Last year, Qantas announced plans to shut down maintenance operations in Australia and move them off-shore with the possible loss of over 2,000 of the 37,000 jobs at Qantas. The moves were put on hold, following a public outcry. This followed moves to hire and locate flight crews overseas.

Qantas management has long been frustrated by what they describe as a lack of workforce flexibility — which have now largely been removed by the Federal Government's new industrial laws. The new ownership structure is unlikely to improve job security at Qantas.

The structure of the takeover is such that the top management of Qantas will be unaffected, so the intention is not to change the company's direction: the change in corporate ownership is intended to free both new owners and management from the restrictions of Australian corporate law.

It is important to understand how the buyout of Qantas is being financed. The corporate financiers will pay shareholders $5.60 per share, and will finance the takeover by borrowing some $8 billion from abroad.

The borrowers will have to repay both capital and interest. The annual interest payments on these borrowings, which are expected to be about the same size as Qantas's profits, become a business tax deduction.

The interest payments on the $8 billion loan will effectively mean that Qantas makes little or no profits, which are swallowed up in interest payments. Qantas therefore will pay little or no company tax.

What are we to make of the statement by the Federal Treasurer, Peter Costello, on February 6, that "the Government will require that Qantas has majority Australian ownership, that it be under Australian control, that it be located in Australia and that the airline continue to serve important domestic and regional routes"?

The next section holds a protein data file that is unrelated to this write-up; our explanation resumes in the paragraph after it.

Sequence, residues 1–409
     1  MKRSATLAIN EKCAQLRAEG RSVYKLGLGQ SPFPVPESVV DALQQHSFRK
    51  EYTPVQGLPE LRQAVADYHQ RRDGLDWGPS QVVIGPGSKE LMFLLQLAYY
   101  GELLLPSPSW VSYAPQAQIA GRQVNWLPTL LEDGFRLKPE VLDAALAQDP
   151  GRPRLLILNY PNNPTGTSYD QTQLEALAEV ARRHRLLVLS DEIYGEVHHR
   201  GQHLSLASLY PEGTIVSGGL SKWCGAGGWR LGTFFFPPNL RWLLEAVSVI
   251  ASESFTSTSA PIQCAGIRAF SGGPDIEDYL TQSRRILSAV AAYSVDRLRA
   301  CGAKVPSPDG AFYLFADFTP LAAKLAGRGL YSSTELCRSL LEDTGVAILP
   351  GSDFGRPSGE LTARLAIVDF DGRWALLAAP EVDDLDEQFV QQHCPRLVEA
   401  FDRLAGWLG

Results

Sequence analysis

This statement conforms exactly with what the takeover partners promised on December 14, 2006. At the time, a media statement issued on behalf of the buyout consortium, Airline Partners Australia, listed "key benefits" of the takeover as:

• The airline remains majority Australian-owned;

• More than two-thirds of the Airline Partners Australia Board will be Australian citizens; and

• Compliance with all ownership laws and regulations.

It further quoted Bob Mansfield, a spokesman for the consortium, who said: "Qantas would retain the current Australian management and their growth strategy, a strategy that does not involve a break-up of the airline, cuts to regional services or the movement of maintenance operations offshore."

On the issue of the new owners' tax liability, the Treasurer was strangely silent.

If the takeover is permitted, the Treasurer is giving the green light to every other major Australian company to reorganise its affairs to avoid payment of company tax which, in 2004-5, yielded over $40 billion to the Federal Government.

Qantas is not the first company to reorganise its affairs to avoid Australian law. James Hardie Industries, the major building materials group, announced in July 2001 that it would shift its base to the Netherlands to minimise tax charges. It was also believed to have done so to avoid liability for the asbestos-linked disease, mesothelioma.

However, if the Qantas move is successful, it will open the floodgates.

— Peter Westmore is national president of the National Civic Council.